June 24, 2024


So what does this all have to do with the game of chess? Like Thomas Huxley, I have also come to see the world, the universe, the laws of nature, and how we choose to live our lives – from a chess game perspective. I believe that we all could and would make better moves (decisions for our lives) if we were all more aware of the options/ strategies/ resources, etc. – available to us and the consequences of our choices prior to making our decisions. My wife taught me how to play chess a few years ago (in my late 40’s). Growing up, I always considered Chess variants app for “nerds,” or for those “book worms” that were not very good at sports. I also (secretly) thought that those who played chess were just more intelligent then me, and maybe I just wasn’t smart enough to learn the game. After being beaten numerous times by my wife, I found a computer chess game and began playing daily during my lunch breaks. Since this programmed chess game had different levels of difficulty, I could choose to play the seven year olds – and began to win a few games. These successes helped me to start winning some games with my wife.

Subsequently, I started playing against an on-line chess program. The difference was that there were no difficulty levels to choose from and I was forced to play the chess master every game. Needless to say, my success rates at winning dropped dramatically. In fact, I was losing 4 – 5 times a day, and this continued for over a year. I didn’t give up trying to win, however, because the program itself stated, “Don’t get discouraged if you lose! Remember, we don’t race against motorcycles, and in the weight lifting events, we don’t compete against forklifts! After a few months of solid losing, I had lost all hope of ever winning. It was during this depressing period that I began to think about how this game of chess related to the “game of life,” and I began to see chess from a seven dimensional perspective that would eventually develop into a maintenance plan for my life and a formula for progress in my chess game.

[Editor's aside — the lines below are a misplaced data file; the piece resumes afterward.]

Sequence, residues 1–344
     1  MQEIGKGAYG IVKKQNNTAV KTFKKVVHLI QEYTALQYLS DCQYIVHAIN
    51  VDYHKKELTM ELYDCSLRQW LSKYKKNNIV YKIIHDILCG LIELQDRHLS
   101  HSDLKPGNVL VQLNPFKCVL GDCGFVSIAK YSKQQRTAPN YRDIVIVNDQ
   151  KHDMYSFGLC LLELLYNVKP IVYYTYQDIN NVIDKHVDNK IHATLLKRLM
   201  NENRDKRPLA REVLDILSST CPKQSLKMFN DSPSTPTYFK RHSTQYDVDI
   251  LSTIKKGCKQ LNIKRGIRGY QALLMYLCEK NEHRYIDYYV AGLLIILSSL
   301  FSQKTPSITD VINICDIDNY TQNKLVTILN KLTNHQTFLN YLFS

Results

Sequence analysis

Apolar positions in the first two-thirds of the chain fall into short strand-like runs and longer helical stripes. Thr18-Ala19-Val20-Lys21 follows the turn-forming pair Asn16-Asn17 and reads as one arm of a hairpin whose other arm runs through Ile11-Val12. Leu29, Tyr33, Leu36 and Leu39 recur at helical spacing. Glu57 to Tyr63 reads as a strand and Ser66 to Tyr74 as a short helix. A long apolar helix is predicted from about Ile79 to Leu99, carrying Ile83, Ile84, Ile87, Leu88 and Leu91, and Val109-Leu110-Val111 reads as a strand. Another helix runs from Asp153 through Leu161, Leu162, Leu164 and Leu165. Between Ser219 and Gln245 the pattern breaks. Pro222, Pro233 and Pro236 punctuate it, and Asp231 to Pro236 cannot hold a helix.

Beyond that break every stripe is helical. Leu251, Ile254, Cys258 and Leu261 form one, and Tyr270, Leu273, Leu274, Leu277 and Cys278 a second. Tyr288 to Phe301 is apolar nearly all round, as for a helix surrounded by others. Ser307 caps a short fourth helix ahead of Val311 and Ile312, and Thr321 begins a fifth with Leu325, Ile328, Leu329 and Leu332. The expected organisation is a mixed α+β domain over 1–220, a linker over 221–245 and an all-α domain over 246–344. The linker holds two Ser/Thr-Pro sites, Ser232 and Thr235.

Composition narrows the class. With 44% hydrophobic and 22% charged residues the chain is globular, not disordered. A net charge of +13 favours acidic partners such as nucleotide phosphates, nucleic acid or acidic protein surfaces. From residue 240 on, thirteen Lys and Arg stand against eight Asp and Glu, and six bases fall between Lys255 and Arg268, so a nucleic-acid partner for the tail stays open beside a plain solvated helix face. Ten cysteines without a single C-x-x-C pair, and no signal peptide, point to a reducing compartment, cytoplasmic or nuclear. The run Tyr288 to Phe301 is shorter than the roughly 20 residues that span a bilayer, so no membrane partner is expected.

7 – Dimensions of Life

1. Social / Cultural Dimension – I started seeing that your chess pieces are like family members and significant others in your life that you try to protect the best you can. We are all alike (black or white in chess) and we try to move and communicate in ways that will support our mutual goals. Unfortunately though, you end up losing the ones you love.

2. Medical/ Physical Dimension – In order to maintain a healthy body we must maintain a balance of moving (exercise), eating (our opponents pieces), and resting (knowing when not to move).

3. Mental/ Emotional Dimension – Chess forces us to think really hard about our actions, the consequences of our actions, and how our behavior affects others and the world around us. It also gives us opportunities to experience and deal with emotions – like anger, revenge, grief, and joy, etc.

4. Educational/ Occupational Dimension – Chess develops our attention span, concentration abilities, and memory – so that we can learn, be trained and skilled, and maintain satisfying work experiences.

5. Spiritual/ Religious Dimension – I didn’t notice a spiritual side to chess until one of my pawns first got transformed (born-again) into a Queen. At that point, I realized that our weakest members in life have the potential to become our strongest heroes. Chess also develops our faith in a set of organized beliefs and practices much like religion.

6. Legal/ Financial Dimension – Chess teaches us that there are consequences for not obeying the law (not playing by the rules of the game). There are also rewards for logically and systematically making the right moves in life.

7. Self-Control/ Higher Power Control Dimension- Chess teaches us that even though we may follow all the rules, all of the time – we do not have total control of our destiny (who wins the game and who loses). As Thomas Huxley so eloquently put it in his famous quote above (“the player on the other side is hidden).


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